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Vulnerable Children and Young People during Covid 19

The word “vulnerable” can be a difficult one to use as some feel it implies powerlessness and being a victim.  This is not my intention, meaning or definition but in the absence of a better term I use it to remind us all that there are groups in our community who need additional services and supports.  However, a story appeared on Twitter a few weeks ago from a nurse in Oxfordshire who described a conversation she had with a 10 year old boy.  She wanted to check if he was OK and not hungry.  He explained that he could go to school if he wanted because he was on the “valuable list”.  The work we all do must act as a reminder that every child is valuable and should feel valued, especially at this time of uncertainty and worry.

Schools

 Whilst the majority of children will have to wait until September to return to school on a part-time basis we must remember that “vulnerable children” and those of key workers are still able to attend.  Currently 400 schools or clusters have been opened every day for the children of key workers or those deemed to be vulnerable, less than 1200 have actually been attending.  It is important we encourage those children who need to attend school to do so, and we all have a role to play in this.  Northern Ireland has a vibrant community and voluntary sector who, alongside social care agencies, continue to engage with families in a variety of ways. They and schools must continue to encourage children and young people who qualify to attend school if there is one open in their local area.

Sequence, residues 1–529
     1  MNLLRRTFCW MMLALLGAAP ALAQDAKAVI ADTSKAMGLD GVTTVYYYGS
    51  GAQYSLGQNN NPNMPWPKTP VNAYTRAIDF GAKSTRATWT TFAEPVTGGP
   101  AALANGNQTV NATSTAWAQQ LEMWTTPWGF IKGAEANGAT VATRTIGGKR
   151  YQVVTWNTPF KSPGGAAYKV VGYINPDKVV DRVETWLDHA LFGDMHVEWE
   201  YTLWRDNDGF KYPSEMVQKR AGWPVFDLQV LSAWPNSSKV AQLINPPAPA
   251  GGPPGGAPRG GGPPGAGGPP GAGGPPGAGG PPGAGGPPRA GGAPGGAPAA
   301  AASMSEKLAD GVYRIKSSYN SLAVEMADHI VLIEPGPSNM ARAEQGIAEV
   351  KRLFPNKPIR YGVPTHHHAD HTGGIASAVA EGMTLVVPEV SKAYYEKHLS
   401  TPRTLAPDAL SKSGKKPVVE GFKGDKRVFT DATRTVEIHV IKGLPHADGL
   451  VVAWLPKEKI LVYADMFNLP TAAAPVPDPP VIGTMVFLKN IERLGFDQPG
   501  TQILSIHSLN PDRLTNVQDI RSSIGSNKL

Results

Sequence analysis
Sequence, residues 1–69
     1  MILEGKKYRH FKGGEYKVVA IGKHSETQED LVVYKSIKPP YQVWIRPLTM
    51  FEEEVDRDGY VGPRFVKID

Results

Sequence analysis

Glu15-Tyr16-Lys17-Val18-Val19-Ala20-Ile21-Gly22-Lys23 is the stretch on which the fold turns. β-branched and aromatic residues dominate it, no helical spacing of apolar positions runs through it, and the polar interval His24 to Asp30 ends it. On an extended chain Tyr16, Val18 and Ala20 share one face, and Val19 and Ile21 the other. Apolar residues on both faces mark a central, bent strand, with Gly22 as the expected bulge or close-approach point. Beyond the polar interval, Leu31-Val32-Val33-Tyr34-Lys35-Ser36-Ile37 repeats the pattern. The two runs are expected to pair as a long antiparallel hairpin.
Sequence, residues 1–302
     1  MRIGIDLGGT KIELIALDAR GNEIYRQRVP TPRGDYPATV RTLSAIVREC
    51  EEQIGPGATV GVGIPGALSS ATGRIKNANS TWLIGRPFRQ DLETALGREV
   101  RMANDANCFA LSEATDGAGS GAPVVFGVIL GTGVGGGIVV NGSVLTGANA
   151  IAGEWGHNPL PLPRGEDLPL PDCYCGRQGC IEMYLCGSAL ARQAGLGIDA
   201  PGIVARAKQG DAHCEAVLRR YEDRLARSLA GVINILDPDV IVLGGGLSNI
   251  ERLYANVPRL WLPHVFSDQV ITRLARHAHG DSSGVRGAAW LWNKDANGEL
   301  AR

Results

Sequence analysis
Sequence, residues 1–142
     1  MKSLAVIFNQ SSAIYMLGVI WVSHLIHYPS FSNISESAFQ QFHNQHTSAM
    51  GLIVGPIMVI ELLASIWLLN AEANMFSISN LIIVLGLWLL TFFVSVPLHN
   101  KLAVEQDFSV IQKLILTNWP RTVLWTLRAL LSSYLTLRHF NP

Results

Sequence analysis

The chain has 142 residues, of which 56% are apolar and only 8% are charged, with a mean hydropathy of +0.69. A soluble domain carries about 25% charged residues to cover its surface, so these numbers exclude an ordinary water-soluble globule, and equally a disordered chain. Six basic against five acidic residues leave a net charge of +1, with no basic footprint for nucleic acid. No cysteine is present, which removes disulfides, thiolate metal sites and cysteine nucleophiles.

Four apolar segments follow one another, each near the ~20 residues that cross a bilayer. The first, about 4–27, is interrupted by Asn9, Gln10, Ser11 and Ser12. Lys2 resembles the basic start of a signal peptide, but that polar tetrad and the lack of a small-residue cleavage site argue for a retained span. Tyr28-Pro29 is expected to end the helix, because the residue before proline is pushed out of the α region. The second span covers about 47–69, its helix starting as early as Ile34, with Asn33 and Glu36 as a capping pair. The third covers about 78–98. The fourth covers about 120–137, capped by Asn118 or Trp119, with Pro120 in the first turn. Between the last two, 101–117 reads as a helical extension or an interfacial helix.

I am pleased that the Education Authority and the Health and Social Care Trusts are working together to identify those children who may need the most support. This is exactly the type of joined up working that we need to see more generally, and particularly at this time, when it is so easy for vulnerable children and young people to fall through the cracks and be forgotten.

Child Protection and Children in Need

I wish to, again, add my voice to the critical message that our child protection and social care systems are open.  This crisis has put enormous strain on families and I therefore find it deeply concerning that referrals are low.  We must continue to be mindful that home is unfortunately not always a safe place for some children, making the lockdown even more difficult. Families affected by domestic violence, alcohol and substance misuse, mental health issues, bereavement or other issues cannot be left alone and isolated. They need to be supported like never before to help them safety through lockdown and beyond to whatever becomes the ‘new normal’. 

My office has been engaging with the DoH and the Health and Social Care services. They have ensured that these essential services are open and social workers and their social care colleagues are continuing to engage with families maintaining home visits where necessary.  I am pleased that the recruitment of newly qualified social workers was accelerated in some trusts and they have already begun their new careers.  It is important that relevant authorities continue to have direct contact with children by continuing to review the services they are receiving, taking particular account of the impact of the crisis on children’s access to support, services and friendship networks. 

As with education the message is clear – services are open for children and families who need them, please contact them if you need to.  It is also important to remember the vital role that organisations and groups in the voluntary and community sectors are playing in keeping people safe.  Keeping children and young people safe is a collective responsibility and depends on effective partnerships across different sectors, departments and agencies and on ongoing engagement with our communities.

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